2017-09-28 88K 88 0 0

##### Description

Tony Hoare. Lausanne 20 June 2011. Historical Survey. Discovery. deductive logic. constructive logic. temporal . logic. algebraic logic. Application Attribution. philosophy . Aristotle. geometry . ID: 591435

**Direct Link:**

**Embed code:**

## Download this presentation

DownloadNote - The PPT/PDF document "Applied Logic" is the property of its rightful owner. Permission is granted to download and print the materials on this web site for personal, non-commercial use only, and to display it on your personal computer provided you do not modify the materials and that you retain all copyright notices contained in the materials. By downloading content from our website, you accept the terms of this agreement.

## Presentations text content in Applied Logic

Applied Logic

Tony Hoare

Lausanne 20 June 2011

Slide2Historical Survey

Discovery

deductive logicconstructive logictemporal logicalgebraic logic

Application Attribution

philosophy

Aristotle

geometry

Euclid

theology

Occam

calculus

Leibnitz

Slide3A flight of imagination.

deductive logic+ constructive logic+ temporal logic+ calculational logic+ algebraic logic ___ = programming logic

+intuitionistic logic

+relevance logic

+deontic logic

+types

+ spatial logic

…___

Slide4Programs as logic

P

rograms describe time and space

including change and motion

and history and geography

A programming language

extends

the range of logic to include these topics.

repaying the

part of the debt

that

computing

owes to logic.

Slide5Deductive logic

Aristotle (384-322

bc

, Athens)

Father

of classificatory Biology,

and deductive

Logic,

and

grandfather of Computer Science.

Applications :

biology

Slide6Grammar

Let S stand for the subject of a sentence,

Let

P stand for the predicate

.

The

four permitted forms of sentence are

:

(

a) All S are P (e) No S are P

(

i) Some S are P

(

o) Some S are not P

Slide724 Syllogisms

Barbara

(Major

premise)

All

S

are

M

(a)

(

Minor premise)

All M are P .

(a)

(

Conclusion)

All S are P. (a)

Celarent

No M

are P

(

e

)

All S are M

(a)

No S are P (e)

Slide8Grammar of proofs

A proof is a sequences of sentences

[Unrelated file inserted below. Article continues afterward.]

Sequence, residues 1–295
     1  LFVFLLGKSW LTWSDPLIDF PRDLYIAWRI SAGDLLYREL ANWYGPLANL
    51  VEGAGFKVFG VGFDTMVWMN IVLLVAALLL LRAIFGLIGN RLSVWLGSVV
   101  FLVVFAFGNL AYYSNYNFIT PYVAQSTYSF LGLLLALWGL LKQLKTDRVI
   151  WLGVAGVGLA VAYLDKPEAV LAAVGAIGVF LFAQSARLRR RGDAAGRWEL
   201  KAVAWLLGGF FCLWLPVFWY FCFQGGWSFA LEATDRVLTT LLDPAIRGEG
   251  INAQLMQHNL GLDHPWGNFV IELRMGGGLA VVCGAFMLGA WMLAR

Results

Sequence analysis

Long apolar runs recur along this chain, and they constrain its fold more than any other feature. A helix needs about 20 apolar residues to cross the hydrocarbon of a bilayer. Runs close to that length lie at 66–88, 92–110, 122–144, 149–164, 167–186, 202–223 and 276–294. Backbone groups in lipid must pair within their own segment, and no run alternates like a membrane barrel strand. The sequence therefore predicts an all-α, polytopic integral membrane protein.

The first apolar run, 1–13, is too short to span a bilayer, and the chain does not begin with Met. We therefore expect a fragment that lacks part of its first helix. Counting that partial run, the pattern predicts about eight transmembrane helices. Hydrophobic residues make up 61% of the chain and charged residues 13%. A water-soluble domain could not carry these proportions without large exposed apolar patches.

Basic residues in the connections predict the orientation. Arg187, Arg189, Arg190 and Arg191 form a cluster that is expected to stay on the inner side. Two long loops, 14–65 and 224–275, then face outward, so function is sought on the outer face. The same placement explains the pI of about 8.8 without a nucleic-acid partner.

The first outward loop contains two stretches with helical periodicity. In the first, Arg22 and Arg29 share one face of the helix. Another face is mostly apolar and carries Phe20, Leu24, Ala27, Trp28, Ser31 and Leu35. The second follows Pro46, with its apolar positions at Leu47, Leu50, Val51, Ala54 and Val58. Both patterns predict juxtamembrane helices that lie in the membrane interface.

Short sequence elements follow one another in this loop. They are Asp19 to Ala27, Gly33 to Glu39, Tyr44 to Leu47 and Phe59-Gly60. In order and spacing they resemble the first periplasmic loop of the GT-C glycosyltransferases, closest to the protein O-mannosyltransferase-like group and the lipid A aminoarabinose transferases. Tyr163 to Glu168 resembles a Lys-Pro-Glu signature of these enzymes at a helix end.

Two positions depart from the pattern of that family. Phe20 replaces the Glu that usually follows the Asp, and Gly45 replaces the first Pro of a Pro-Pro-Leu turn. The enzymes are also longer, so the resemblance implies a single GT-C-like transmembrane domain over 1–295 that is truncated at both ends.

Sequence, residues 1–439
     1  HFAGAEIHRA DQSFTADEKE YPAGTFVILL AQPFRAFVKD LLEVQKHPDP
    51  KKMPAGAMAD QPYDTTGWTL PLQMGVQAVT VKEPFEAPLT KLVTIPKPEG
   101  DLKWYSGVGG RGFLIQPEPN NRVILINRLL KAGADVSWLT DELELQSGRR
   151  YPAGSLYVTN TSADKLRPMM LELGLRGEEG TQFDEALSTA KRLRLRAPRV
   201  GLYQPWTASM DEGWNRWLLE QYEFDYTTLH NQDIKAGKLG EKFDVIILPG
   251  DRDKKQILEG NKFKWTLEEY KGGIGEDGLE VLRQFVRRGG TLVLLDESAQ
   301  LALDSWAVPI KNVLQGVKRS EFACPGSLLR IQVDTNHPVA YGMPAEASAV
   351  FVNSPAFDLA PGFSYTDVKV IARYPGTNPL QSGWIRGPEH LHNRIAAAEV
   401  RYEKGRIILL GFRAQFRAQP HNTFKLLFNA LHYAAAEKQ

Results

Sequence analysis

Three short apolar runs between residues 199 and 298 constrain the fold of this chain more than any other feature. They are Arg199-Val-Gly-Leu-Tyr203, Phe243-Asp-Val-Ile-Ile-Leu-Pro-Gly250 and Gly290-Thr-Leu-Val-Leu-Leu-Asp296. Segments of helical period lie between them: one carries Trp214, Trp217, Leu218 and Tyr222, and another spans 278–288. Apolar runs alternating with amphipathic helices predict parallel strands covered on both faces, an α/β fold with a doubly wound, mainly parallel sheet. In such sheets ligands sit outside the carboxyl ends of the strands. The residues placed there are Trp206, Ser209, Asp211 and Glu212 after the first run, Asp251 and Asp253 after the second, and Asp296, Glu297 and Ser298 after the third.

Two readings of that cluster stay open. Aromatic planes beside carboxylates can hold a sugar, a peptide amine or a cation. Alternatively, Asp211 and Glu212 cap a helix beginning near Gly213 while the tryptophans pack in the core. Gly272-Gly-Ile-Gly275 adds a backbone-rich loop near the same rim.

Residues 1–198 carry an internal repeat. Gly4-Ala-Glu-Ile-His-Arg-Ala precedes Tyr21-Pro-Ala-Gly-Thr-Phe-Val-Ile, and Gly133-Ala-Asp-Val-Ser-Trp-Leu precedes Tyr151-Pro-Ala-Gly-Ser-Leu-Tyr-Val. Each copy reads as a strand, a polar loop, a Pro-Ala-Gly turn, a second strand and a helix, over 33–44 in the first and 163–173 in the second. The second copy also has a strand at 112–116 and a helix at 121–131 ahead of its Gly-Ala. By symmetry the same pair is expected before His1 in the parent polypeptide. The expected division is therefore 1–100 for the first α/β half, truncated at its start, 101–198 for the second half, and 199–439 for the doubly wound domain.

in which each sentence is either a premise

or it is the last line of one of 24 syllogisms

and the first two lines occur earlier in the proof.

The definition is independent of the subject matter of the proof.

Slide9Example from Biology

Barbara

(Major

premise)

All

sharks are

selachians

(a)

(

Minor premise)

All

selachians

inhabit the

sea.

(a)

(

Conclusion)

All

sharks inhabit the

sea. (a)

Celarent

No

selachians

are

fish (

e

)

All

rays are

selachians

(a)

No

rays are

fish (e)

Slide10Application to biology

Classificatory biology provided observational data for application of syllogisms.

Today, far more observational data, from all branches of science, is held on computers

Scientists’ questions are answered automatically by deductive logic.

Slide11Program execution

Programming languages are defined

by

syntax

The steps in

the

execution

of a program are

defined by

rules

.

The validity of an execution is independent of the application of the program

Slide12Computer reasoning

Computers

easily check conformity of a proof to the given

deductive

rules.

Computers

discover proofs by exploring all the possible deductions

from lines proved so far.

Computers

were essential to proof of Four-colour Theorem and the

Kepler

Conjecture.

Slide13Constructive logic

Euclid (c. 300

bc

, Alexandria)

Father

of the geometry of space,

with

applications to

measurement

of

land,

definition

of

boundaries, surveying

, mapmaking

, navigation,

astronautics,…

and now to graphic programming languages, computer displays, animated films, …

Slide14Constructions

A geometric construction describes how to draw

a figure, line, point,..

which satisfies some desired property,

together with a proof that it does so!

They are written in a programming language

with assignments, sequencing,

subroutines, parameters,

preconditions,

postconditions

,…

and proofs!

Slide15Five postulates

To draw a straight line between two points

…

To draw a circle with any centre and radius.

…

… parallel postulate…

These are the five basic actions of the language

Slide1623 Definitions

A

point

is that which has no part

….

A

circle

is …

Its

centre

is ….

An

equilateral

triangle has equal sides.

W

ords of the language are related to each other and to their meaning in the real world.

Slide17Five common notions

include general purpose reasoning principles

Two things that are both equal to a third thing are equal to each other.

If equals are added to equals, the wholes are equal

…subtracted…

Things which coincide are equal

The whole is greater than the part

Slide1848 Propositions of Book 1